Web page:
8. Mars: the red planet
Liquid water on Mars
Cold, parched and wrapped in a thin, carbon-dioxide atmosphere, Mars today is a frozen, desiccated and inhospitable world. It cannot now rain on Mars, and liquid water cannot now remain on its surface. Yet, dry riverbeds, deep winding channels, and streamlined, washed-out landforms all provide compelling evidence for abundant liquid water on Mars in the distant past. In the planetís early history, rivers ran across its surface and powerful floods coursed down its valleys, emptying into the russet plains and perhaps forming ancient lakes or seas. The ancient, water-cut features take two main forms, dubbed the valley networks and outflow channels. The valley networks seem to have been derived from the gradual flow of liquid water. The outflow channels were gouged out of the surface by the powerful rush of short-duration floods.
Dry river beds
The valley networks have branching tributaries that connect into larger flows, so they look like dry river beds. The meandering flows increase in size downstream, and follow the local topography. They have lengths of up to hundreds of thousand of meters and widths of one to a few thousand meters, and they resemble river valleys on Earth. Of course, there is now no water in sight on Mars and these dry riverbeds were created long ago. They lie almost entirely in the ancient, heavily cratered highlands, and are rarely found in the younger, lowland plains. So, the valley networks are about as old as the highlands, dating back to 3.9 billion years ago.
Scientists have debated whether the running water fell as rain, during a sustained period of warm, wet climate, or flowed just below the Martian surface, warmed by internal heat. Recent evidence supports the view that the valley networks formed by collapse into cavities formed by water running under the frozen, ice-rich surface. The branching tributaries of some valley networks end abruptly in box canyons, which indicate flooding rather than rain. Valleys that seem to have been deeply cut by the continual flow of water also have features that suggest formation by collapse rather than rainfall. Yet, other evidence points to a time when Mars was wrapped in a thicker and warmer atmosphere than now, with possible rainfall, rivers, lakes and maybe even an ocean.
Ancient, water-charged torrents
Long, wide grooves have been gouged out of the equatorial regions of Mars, running downhill from the equatorial uplands to the lowland plains, measuring up to a million meters long. They tend to be narrow and deeply incised near their origins in the highlands and broad and shallow in the volcanic plains. Unlike valley networks, these enormous channels lack tributaries and are characterized by sculptured landforms such as scoured surface features, streamlined hills, and teardrop-shaped islands where the flowing water encountered an obstacle.
Possible ancient lakes and seas
As we all know, water collects within holes in the ground, ranging in size from potholes in winter roads to stream-fed lakes and ocean basins. And if water once flowed across the surface of Mars, it would similarly pool in low-lying depressions, such as impact craters and basins, deep canyons and the northern lowland plains. At one time, they could all have been filled with water, forming ancient lakes and seas with perhaps a thin layer of ice on top, but all that now remains is their dried-out floors and sediment.
Where did all the water go?
Everyone agrees that water once flowed on the surface of Mars in large quantities, but the exact fate of all that water remains unknown. If spread uniformly over the surface, the amount of water involved in the flooding of the outflow channels would, by itself, cover the entire planet to a depth of 500 meters. Yet, there is no liquid water residing on Mars today, and the amount of water vapor in its atmosphere is negligible.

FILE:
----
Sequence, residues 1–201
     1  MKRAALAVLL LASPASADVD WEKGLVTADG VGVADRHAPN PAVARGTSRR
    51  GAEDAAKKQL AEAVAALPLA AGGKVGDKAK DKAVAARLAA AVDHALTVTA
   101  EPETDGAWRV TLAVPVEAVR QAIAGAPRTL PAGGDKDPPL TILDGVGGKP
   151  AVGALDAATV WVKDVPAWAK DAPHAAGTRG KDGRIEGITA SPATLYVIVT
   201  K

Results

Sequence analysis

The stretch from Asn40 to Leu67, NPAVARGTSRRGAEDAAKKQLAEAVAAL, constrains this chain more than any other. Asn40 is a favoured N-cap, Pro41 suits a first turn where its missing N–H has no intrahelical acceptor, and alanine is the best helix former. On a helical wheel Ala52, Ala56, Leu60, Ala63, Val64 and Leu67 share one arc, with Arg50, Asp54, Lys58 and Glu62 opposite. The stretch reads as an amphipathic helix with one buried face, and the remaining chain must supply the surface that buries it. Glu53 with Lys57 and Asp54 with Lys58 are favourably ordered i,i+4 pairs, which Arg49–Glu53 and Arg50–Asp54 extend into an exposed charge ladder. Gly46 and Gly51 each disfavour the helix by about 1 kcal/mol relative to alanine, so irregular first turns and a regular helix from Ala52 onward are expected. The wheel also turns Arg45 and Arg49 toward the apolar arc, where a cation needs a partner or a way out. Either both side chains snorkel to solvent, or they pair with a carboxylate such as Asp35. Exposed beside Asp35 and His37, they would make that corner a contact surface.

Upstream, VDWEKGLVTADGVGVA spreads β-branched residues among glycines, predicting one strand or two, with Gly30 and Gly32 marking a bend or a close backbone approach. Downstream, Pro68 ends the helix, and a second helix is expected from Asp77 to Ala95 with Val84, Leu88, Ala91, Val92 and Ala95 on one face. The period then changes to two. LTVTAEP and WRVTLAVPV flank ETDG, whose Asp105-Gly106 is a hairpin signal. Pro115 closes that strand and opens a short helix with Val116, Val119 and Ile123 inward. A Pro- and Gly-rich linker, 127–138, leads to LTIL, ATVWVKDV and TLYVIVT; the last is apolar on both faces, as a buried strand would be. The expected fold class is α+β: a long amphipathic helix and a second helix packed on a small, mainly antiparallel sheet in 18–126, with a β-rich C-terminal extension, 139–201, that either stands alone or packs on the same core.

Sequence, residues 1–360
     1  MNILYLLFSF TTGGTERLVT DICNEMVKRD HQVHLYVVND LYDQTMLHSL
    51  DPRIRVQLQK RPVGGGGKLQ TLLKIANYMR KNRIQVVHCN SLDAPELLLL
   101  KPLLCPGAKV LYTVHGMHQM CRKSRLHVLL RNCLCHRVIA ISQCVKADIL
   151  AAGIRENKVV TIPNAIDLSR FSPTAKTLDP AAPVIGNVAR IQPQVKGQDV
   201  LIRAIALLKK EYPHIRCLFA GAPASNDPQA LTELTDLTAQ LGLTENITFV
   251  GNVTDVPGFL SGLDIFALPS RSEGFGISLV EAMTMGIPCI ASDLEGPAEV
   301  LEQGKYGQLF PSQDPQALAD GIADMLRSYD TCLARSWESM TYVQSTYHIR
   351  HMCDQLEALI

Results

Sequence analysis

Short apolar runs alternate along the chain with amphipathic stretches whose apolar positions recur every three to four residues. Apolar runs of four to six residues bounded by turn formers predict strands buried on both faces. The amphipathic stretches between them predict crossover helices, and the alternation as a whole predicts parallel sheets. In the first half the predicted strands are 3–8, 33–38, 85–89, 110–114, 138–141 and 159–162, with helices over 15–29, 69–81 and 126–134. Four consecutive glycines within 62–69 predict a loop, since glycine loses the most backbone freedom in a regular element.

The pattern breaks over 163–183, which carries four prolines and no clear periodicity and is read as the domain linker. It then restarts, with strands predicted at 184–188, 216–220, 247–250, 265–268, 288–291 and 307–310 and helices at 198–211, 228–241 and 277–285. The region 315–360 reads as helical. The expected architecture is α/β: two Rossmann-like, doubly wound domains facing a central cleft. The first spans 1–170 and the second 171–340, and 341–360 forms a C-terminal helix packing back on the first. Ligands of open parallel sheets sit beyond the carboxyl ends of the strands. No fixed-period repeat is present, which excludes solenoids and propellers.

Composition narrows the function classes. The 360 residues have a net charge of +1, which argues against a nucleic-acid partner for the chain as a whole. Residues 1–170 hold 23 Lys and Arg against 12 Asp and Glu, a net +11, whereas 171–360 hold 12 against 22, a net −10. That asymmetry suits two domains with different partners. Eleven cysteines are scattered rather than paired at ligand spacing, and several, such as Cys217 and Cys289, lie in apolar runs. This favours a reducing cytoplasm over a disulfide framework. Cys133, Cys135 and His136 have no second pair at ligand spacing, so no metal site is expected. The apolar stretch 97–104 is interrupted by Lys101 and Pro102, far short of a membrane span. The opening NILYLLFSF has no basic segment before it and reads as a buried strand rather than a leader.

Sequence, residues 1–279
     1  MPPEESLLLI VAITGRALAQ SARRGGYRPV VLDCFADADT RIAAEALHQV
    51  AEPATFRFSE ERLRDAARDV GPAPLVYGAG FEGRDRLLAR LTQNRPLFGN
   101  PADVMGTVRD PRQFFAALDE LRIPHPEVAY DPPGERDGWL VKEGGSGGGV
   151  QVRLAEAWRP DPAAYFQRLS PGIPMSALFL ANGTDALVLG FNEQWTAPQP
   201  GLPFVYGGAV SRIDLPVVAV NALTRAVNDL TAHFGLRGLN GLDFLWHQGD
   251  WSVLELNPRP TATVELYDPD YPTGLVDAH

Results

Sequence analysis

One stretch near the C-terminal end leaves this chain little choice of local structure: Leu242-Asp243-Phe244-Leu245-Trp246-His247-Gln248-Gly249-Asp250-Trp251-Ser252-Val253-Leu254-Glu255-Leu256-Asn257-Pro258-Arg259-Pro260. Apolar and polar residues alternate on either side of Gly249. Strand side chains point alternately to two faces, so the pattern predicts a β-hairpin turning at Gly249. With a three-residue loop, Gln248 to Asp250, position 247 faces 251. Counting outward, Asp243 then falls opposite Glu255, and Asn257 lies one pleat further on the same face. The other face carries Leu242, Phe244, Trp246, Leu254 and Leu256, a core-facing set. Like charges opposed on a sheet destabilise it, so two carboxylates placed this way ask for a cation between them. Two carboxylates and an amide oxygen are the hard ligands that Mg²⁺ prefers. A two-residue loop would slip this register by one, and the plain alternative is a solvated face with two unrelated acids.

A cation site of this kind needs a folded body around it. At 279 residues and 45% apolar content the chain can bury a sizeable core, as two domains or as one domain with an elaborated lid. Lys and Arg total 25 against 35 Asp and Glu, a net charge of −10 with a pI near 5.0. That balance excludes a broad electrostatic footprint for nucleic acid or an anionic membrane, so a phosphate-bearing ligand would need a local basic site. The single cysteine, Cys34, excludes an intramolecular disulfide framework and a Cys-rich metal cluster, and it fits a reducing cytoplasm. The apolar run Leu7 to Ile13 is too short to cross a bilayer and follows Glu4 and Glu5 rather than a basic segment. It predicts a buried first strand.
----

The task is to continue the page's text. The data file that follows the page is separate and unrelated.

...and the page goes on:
Some of the water might have evaporated in more clement times, to be later lost to space, but most of the water that once flowed on Mars probably persists today, frozen just beneath the surface or remaining liquid at greater, warmer depths. Some of the water is most likely buried as ice, frozen into the soil as permafrost. That would account for the muddy debris ejected from some impact craters. Vast stretches of ice could be hidden under dust and sand in the northern regions, outside the polar caps, frozen into the places that the outflow channels emptied their flows. The rest might be liquid water buried beneath the ice. Spring-like seeps and small gullies suggest that liquid water has been released from under the frozen surface of Mars in recent times, perhaps even today.
Running water in modern times
Up until fairly recently scientists believed that water has not flowed on Mars for billions of years, but features identified in close-up images suggest that liquid water may still flow on Mars. The small, unassuming gullies have been carved into the steep, inside walls of some craters or valleys, with shapes that resemble gully washes on Earth. The Martian flow features emerge high up on the wall, run downhill in deep, winding channels, and fan out with an abrupt ending in an apron of dirt and rock.
The amount of water involved in each event can be estimated by measuring the volume of deposits with a conservative assumption of a 2-meter thickness, and by assuming that water accounted for just 10 percent of that volume. The rest of the debris flow is attributed to the dirt and rocks detected at the end of the gullies. It is thereby estimated that about 2,500 cubic meters of water have shaped each small gully, about the volume of an Olympic-sized swimming pool. That is equivalent to 2.5 million liters, and 660 thousand gallons, of water for each gully, enough to sustain future visitors to the planet.
Liquid water and life
(page 8 of 10)
Copyright 2010, Professor Kenneth R. Lang, Tufts University